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efb8th
14th December 2000, 16:03
Hi, Mark.

Mifune's Tai Otoshi, definitely! Since it's all fingertips and tai sabaki, I can do it without effort. Ben (Sensei)Patterson always used to say, "If it needs strength, it's not Judo yet." Amazing how a guy who died all those years ago could just keep on getting better and smarter.

The blocking ankle version just seems so crude after using Mifune's "essential" or "refined" Tai Otoshi. And besides, old gimps like me can't throw it.

Regards,

kusanku
14th December 2000, 23:30
Sensei Horne, Of Lima, Ohio, always taught that if you had any contact with the opponent's leg in Tai Otoshi you hadn't done it right.

The opponent is messed up in his timing and loses balance and throws himself over the leg, not into it, nor does the leg come into the opponent.

They should feel as if they are doing an ukemi , which they are.

Regards.

MarkF
15th December 2000, 07:59
So this would be one of the kukyonage of Mifune's then? This is a how I've been trying to do for the last fifteen years or so, with varying degrees of success. When it becomes a conditioned response, the leg across feels as a natural throw, but now I am doing this throw as Mifune did, or at least trying.

But I do have a question about the foot placement. I've seen this throw done, or pictures of, someone from the Budokwai, and the foot is not flat on the floor, but up on the ball of the foot. Others, such as the US "favorite" Jim Pedro, places his foot the same way, except that his foot remains flat, and never is raised. Both have used this throw and they both work.

In randori, I was taught to throw out the foot, and then raise the leg the same distance up as my foot would be by raising the back of my foot. In kata, though, Mifune's tai otoshi was taught, just as uki otoshi was in not dropping to one knee. The same for sumiotoshi, obviously.

If the leg is not to be raised then what is the purpose of it? (I used to do a variation of this throw, but by having uke fall over the thigh/knee area, and no bend in the foot--Hey, what did I know, I was fifteen.)

Mark:nin:

Ed, I know whatyou mean. Now, we are the old guys, but the wisdom of the former old guys continues to amaze.






[Edited by MarkF on 12-15-2000 at 02:01 AM]

MarkF
15th December 2000, 09:32
http://hometown.aol.com/markiv2001/myhomepage/taitoshijpg.bmp

This is a picture from the Budokwai. This isn't an air throw, but imagining him doing this without the leg across, makes Mifune one of a kind. Kukinage, or possibly kukyonage, if done by aikidoka.

Mark

efb8th
15th December 2000, 14:13
Good Morning, Mark.

When I throw tai otoshi these days, my posture for setting up is a short step into right natural, head up, spine erect, elbows near my body so I am "crowding" uke just a bit. Kuzushi is not back, but down into the floor. Uke's natural reaction is to tense his legs to resist the push down. This reaction causes uke to seem to "jump" into the throw, as he is rising (or floating) when I pivot to my left (assuming a right handed throw) as my left hand pulls horizontally to my left, and my right hand pushes in a downward circular motion, first away from my right chest, then forward as I turn left.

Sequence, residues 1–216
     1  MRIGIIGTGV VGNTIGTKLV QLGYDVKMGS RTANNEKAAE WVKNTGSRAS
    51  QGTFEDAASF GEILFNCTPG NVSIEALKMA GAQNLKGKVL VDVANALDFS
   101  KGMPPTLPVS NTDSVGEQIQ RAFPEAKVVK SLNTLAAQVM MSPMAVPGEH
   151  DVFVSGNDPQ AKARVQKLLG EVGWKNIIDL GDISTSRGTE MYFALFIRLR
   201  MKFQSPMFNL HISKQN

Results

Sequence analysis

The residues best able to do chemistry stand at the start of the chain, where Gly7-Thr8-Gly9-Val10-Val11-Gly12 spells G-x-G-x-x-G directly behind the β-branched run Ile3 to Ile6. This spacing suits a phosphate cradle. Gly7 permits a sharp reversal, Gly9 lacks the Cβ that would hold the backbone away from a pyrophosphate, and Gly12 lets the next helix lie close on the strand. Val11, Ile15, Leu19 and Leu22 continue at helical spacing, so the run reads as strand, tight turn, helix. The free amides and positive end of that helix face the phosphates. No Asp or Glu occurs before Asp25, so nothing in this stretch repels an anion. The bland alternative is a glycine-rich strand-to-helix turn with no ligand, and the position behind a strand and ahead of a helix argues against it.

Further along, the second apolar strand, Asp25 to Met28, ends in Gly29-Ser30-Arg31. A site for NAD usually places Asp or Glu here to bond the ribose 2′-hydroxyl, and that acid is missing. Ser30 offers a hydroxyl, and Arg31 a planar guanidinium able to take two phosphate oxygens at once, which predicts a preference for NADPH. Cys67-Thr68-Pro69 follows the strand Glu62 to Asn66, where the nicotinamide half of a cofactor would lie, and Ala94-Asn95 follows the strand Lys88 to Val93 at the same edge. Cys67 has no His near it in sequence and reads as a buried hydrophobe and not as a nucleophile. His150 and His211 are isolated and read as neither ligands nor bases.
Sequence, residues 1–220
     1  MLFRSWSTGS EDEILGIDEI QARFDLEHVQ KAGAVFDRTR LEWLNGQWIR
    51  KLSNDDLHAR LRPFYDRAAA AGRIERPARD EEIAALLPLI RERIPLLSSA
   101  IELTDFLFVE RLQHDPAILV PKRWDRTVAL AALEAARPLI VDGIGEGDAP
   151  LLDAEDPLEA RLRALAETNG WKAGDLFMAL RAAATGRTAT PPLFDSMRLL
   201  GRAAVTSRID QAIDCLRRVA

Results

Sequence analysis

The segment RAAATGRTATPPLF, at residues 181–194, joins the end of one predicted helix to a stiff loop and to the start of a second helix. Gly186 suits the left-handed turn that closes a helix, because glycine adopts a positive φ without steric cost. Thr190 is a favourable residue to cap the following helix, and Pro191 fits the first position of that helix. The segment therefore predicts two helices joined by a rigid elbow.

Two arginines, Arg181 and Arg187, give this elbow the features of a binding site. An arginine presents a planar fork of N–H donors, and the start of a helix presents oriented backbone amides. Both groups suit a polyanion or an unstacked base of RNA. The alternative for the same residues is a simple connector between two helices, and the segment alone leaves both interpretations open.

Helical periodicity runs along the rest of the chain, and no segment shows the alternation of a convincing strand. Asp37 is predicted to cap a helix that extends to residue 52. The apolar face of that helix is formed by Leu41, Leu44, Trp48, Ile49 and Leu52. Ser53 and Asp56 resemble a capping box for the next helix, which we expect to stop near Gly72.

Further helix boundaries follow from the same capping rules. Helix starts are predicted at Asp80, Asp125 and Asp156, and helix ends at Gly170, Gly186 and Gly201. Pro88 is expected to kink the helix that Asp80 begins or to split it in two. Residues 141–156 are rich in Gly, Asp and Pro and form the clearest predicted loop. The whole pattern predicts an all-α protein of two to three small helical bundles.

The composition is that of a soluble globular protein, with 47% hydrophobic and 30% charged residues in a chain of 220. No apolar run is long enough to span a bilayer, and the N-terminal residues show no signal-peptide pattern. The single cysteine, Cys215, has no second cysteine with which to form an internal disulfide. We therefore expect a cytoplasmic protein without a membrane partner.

The feel of the throw is, as you noted, much more "otoshi" (as in sumi- or standing uki-) and clarifies the translation "fall from a high place."

The left pivot is not a step; it is a pivot of about 75 degrees on the balls of both feet which transitions my posture from right natural to left natural.

Does that make any sense?

Regards,

MarkF
16th December 2000, 09:37
Hi, Ed, and good morning,

Your description not only makes sense, but is indicative of how "the old guys" did most nage. It is a pivot because, well, you "pivot," not shift.

I've seen this throw in which it does seem that uke is jumping into his ukemi, is naturally resisting, but that he almost skips over the leg, and the pulling motion brings uke over, seemingly thinking he can avoid it, but jump-fall's anyway.

Not using the leg is very do-able, but I think in most it is a mental block of sorts. If you think you can't, you won't. The "old guys" did't think in these terms, especially Mifune, as they understood the basics of nage waza.

Since the talk started here and in the aikido forum, I've tried to do it as instructed by Mifune, and you know what? It IS do-able.

Mark

efb8th
16th December 2000, 16:30
Hi, Mark.

Just goes to show you, Tai Sabaki is the key to nage. Heck, I think they should teach it right from the start! Uh, wait a minute. They do? Oh, I see: it just takes some of us twenty years to learn it! (In my case, anyway.)

Regards,